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Arquivos de Neuro-Psiquiatria

Print version ISSN 0004-282X

Arq. Neuro-Psiquiatr. vol.70 no.3 São Paulo Mar. 2012  Epub Jan 31, 2012

http://dx.doi.org/10.1590/S0004-282X2012005000001 

Philadelphia Brief Assessment of Cognition in healthy and clinical Brazilian sample

 

Avaliação Cognitiva Breve da Filadélfia numa amostra brasileira clínica e saudável

 

 

Danilo Assis PereiraI,II; Corina SatlerII; Luciana MedeirosIII; Renan PedrosoIII, Carlos TomazIV

IPsychologist, IBNeuro, Brazilian Institute of Neuropsychology and Cognitive Sciences, Brasília DF, Brazil
IIPhD Candidate, Psychologist, Postgraduate Program in Health Sciences, Faculty of Health Sciences, University of Brasília (UnB), Brasília DF, Brazil
IIIMedical Student, Faculty of Medicine, UnB, Brasília DF, Brazil
IVPhD, Full Professor, Laboratory of Neuroscience and Behavior, Institute of Biology, UnB, Brasília DF, Brazil

Correspondence

 

 


ABSTRACT

The Philadelphia Brief Assessment of Cognition (PBAC) is a neuropsychological screening instrument that assesses five cognitive domains: working memory, visuospatial functioning, language, episodic memory and comportment. The aim is to verify if PBAC can properly be used in the Brazilian sample. Participated in this study: (a) 200 healthy volunteers - 100 young [21.6(2.5) years old] and 100 older adults [70.1(7.3) years old]; >12 years of education; (b) 30 Alzheimer's patients (AD) [73.7(5.7) years old], 4-11 years in education. The PBAC scores: (a) 95.8(2.6), 90.0(4.4) and (b) 65.0(10.8) were correlated with the Mini-Mental State Examination (MMSE) for young 29.1(0.9), older adults 28.3(1.4) and AD 18.4(3.0) groups. A positive correlation between MMSE and PBAC (r=0.9, p<0.001) was found. Negative correlations were observed between PBAC domains [memory (-0.63), visuospatial abilities (-0.44) and working memory (-0.3) tasks]. MANOVA showed a better male performance in visuospatial functioning (F=8.5, p=0.004). The Brazilian version of PBAC proved to be a promising screening instrument for clinical purposes.

Key words: Philadelphia Brief Assessment of Cognition, Alzheimer's disease, cognition, dementia.


RESUMO

O instrumento de rastreio neuropsicológico Philadelphia Brief Assessment of Cognition (PBAC) avalia cinco domínios cognitivos: memória de trabalho, habilidade visuoespacial, linguagem, memória episódica e comportamento. O objetivo é verificar a viabilidade do PBAC em amostra brasileira. Participaram: (a) 200 voluntários - 100 jovens com 21,6(2,5) anos e 100 idosos com 70,1(7,3) anos, ambos com média de escolaridade maior que 12 anos; (b) 30 pacientes com Alzheimer, com 73,7(5,7) anos e escolaridade entre 4 e 11 anos. Os escores do PBAC para os respectivos grupos (a) 95,8(2,6), 90(4,4) e (b) 65(10,8) foram correlacionados com o Mini Exame do Estado Mental (MEEM). Houve correlação positiva (r=0,9; p<0,001) entre MEEM e PBAC, e negativas entre os domínios do PBAC [memória (-0,63), habilidades visuoespaciais (-0,44) e memória de trabalho (-0,3)]. Foi demonstrado pela MANOVA melhor desempenho no funcionamento visuoespacial em homens (F=8,5, p=0,004). A versão brasileira do PBAC provou ser promissora como um instrumento de rastreio para propósitos clínicos.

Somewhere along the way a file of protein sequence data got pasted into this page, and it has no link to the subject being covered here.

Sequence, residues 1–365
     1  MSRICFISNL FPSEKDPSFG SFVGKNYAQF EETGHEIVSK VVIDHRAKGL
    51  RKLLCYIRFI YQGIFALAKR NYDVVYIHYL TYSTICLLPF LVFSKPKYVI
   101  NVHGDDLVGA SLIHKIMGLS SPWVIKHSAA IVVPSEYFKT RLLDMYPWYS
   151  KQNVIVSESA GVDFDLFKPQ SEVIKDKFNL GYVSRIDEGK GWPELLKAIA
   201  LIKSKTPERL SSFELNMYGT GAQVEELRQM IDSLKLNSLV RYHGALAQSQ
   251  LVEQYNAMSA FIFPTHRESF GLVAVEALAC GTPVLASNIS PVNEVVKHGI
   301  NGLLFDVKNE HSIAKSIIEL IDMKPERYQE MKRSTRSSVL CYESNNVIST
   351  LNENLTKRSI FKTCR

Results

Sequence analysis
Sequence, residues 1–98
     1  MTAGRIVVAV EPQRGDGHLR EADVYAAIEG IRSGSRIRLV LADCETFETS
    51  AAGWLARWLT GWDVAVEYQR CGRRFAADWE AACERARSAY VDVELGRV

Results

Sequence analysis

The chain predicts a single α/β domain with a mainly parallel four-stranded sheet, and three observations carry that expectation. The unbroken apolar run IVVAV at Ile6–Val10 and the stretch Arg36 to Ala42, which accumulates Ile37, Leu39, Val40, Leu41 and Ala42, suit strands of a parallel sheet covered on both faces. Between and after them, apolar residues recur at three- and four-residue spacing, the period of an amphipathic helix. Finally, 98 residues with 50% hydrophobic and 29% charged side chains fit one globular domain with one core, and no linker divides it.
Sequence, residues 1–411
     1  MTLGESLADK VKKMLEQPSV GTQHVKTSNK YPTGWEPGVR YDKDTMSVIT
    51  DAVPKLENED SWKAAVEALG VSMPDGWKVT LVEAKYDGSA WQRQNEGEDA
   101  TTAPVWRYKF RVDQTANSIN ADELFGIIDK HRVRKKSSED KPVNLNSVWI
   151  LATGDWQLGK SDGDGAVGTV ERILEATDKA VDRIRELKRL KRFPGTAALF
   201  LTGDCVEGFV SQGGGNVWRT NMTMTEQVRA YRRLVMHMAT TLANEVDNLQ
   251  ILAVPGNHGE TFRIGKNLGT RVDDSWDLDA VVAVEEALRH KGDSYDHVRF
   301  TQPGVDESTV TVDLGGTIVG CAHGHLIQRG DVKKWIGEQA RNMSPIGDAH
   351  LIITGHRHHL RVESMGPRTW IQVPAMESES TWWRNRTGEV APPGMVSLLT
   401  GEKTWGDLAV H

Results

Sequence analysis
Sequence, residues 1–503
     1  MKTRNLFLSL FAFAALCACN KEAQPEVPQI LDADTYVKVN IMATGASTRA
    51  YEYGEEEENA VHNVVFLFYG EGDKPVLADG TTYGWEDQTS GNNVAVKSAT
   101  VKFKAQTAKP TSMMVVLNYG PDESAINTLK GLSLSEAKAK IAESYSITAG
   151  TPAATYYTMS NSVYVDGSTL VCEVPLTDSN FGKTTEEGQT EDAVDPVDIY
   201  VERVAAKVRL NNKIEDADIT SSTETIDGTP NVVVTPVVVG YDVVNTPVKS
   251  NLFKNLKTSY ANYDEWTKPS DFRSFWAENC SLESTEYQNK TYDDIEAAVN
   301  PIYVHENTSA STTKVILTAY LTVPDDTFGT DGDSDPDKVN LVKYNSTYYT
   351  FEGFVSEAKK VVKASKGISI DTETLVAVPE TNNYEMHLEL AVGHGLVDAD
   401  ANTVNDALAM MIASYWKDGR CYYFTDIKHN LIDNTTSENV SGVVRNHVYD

Palavras-Chave: Philadelphia Brief Assessment of Cognition, doença de Alzheimer, cognição, demência.


 

 

Dementia assessment implies measuring cognitive functions and some instruments have been used in Brazil for this purpose. One of the most frequently used is the Mini-Mental State Examination (MMSE)1, a short screening assessment of cognitive impairment. This success is due to the fact that it requires only 5-10 minutes to be administered and has good reliability2.

However, MMSE presents some limitations3. For example, it emphasizes function rather than verbal skills and non-dominant hemisphere executive functions. This indicates that MMSE may be of little screening use for frontal executive dysfunction and visuospatial deficits4. This is a major flaw if one considers the important role of executive functions in early clinical stages of dementia3. Another limitation is that the MMSE has a low sensitivity for patients with mild memory deficits5, since only three words are required to be remembered in the recall task. Finally, MMSE does not analyze behavioral changes, which are important in Alzheimer's disease (AD) and frontotemporal dementia (FTD) diagnosis6,7. Therefore, MMSE may not be sufficient to assess the severity of clinical course of other types of dementia8.

Considering these MMSE limitations, Dr. David Libon created in 2007 the Philadelphia Brief Assessment of Cognition (PBAC), a neuropsychological screening instrument sensitive to neuropsychological deficits associated with AD and patients with FTD dementia7. It is easy to apply and can be administered quickly, lasting about 15 to 20 minutes. In comparison with other brief batteries, the PBAC presents some advantages: it provides more detailed information about those cognitive functions that are impaired or preserved, as well as having greater sensitivity to a broad spectrum of dementias. The 23 tasks are grouped into 5 functioning domains, each one evaluating different cognitive areas. These are: working memory/mental search, visuospatial functioning, language, verbal/visual episodic memory and social comportment/behavior. The total PBAC (3th brief version, 2010) score ranges between 0 and 100. Its first version (2007) ranged between 0 and 126. Recently, the PBAC has been used to determine patterns of neuropsychological impairment in FTD6.